Deborah McNally

Academic Historian

Deborah McNally received her Ph.D. from the University of Washington, Seattle in 2013 and currently teaches courses on Everyday Life in Nineteenth-Century America and Salem Witchcraft in Colonial New England at the University of Washington, Seattle.  Her research interests include slavery, race, gender, and women’s history.Her dissertation, “Within Patriarchy: Gender and Power in Massachusetts’s Congregational Churches, 1630-1730,” explores the relationship between gender and power in the religious culture of Massachusetts’s Congregational churches during the seventeenth and early-eighteenth centuries.  It demonstrates that within a decidedly patriarchal culture, women were both key participants in and patrons of their individual congregations and shapers of both their and their family’s religious experience throughout the seventeenth and early-eighteenth centuries.

Debbie served as the webmaster of from 2006 to 2007 and again from 2009 to 2013.

Toussaint L’Ouverture (1743-1803)

Known to his contemporaries as “The Black Napoleon,” Toussaint L’Ouverture was a former slave who rose to become the leader of the only successful slave revolt in modern history that created an independent state, the Haitian Revolution. Born into slavery on May 20, 1743 in the French colony of Saint … Read MoreToussaint L’Ouverture (1743-1803)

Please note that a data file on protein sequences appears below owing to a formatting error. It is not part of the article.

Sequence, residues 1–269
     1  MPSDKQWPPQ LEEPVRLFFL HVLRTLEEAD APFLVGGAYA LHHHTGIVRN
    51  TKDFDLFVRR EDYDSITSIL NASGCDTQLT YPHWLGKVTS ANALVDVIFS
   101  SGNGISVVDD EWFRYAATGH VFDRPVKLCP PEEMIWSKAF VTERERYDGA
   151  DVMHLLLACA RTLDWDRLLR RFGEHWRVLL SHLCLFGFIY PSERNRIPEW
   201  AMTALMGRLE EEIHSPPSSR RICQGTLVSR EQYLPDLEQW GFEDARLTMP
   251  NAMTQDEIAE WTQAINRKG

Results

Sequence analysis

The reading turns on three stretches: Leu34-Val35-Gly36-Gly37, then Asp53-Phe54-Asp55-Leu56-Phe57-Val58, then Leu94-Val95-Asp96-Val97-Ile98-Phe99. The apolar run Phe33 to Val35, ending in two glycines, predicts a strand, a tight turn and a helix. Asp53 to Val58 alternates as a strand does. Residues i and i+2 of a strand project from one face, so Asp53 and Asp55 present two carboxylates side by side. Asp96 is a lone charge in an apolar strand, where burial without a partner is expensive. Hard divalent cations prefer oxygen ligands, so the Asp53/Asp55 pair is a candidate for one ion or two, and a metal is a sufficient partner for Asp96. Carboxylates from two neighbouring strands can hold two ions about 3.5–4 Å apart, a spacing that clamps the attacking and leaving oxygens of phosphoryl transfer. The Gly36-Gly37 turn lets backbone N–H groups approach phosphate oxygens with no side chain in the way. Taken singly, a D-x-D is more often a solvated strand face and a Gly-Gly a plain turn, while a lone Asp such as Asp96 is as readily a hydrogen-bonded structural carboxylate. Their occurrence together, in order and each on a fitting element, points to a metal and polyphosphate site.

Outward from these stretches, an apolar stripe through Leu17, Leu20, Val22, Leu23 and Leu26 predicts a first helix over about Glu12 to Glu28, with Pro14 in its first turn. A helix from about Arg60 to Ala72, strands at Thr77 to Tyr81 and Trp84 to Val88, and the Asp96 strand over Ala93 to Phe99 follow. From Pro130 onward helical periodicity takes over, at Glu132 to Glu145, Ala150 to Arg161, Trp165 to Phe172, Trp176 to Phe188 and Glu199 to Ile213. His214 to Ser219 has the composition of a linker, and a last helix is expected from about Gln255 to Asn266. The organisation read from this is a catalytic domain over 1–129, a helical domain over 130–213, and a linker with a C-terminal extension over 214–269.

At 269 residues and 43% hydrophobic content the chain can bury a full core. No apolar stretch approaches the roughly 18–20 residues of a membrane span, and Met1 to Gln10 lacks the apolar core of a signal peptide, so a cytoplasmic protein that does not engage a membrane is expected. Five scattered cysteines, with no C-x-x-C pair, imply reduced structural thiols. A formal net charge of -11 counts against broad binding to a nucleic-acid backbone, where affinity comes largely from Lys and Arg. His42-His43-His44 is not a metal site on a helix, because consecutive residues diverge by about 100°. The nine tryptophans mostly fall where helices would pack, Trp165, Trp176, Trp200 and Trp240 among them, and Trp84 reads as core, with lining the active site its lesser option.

Kenneth Irvine Chenault (1951- )

Hand-picked by his American Express predecessor, CEO Harvey Golub, to lead the company upon Golub’s retirement, Kenneth Chenault is an attorney and the CEO and chairman of American Express.  Named one of the fifty most powerful African American executives by Fortune magazine in 2001, Chenault … Read MoreKenneth Irvine Chenault (1951- )

Five Points District, New York City, New York (1830s-1860s)

Five Points by George Catlin, 1827 Image Ownership: Public Domain Originally the site of New York City’s first free black settlement, by 1850 the Five Points district in lower Manhattan had instead become infamous for its dance halls, bars, gambling houses, prostitution, and for its … Read MoreFive Points District, New York City, New York (1830s-1860s)

Michael K. Ross (1941-2007)

Michael K. Ross was a Washington State legislator, civil rights activist, and contractor who, although he worked from within established political channels, was not afraid to go against the grain to affect social change. Ross’s early years followed a conservative trajectory.  Born in Iowa City, … Read MoreMichael K. Ross (1941-2007)

Jean-Jacques Dessalines (1758-1806)

Reviled for his brutality yet honored as one of the founding fathers of Haiti, Jean-Jacques Dessalines was second in command under Toussaint L’Overture during the Haitian Revolution and was the general who emerged after L’Overture’s capture to lead the insurgents in declaring Haitian independence on … Read MoreJean-Jacques Dessalines (1758-1806)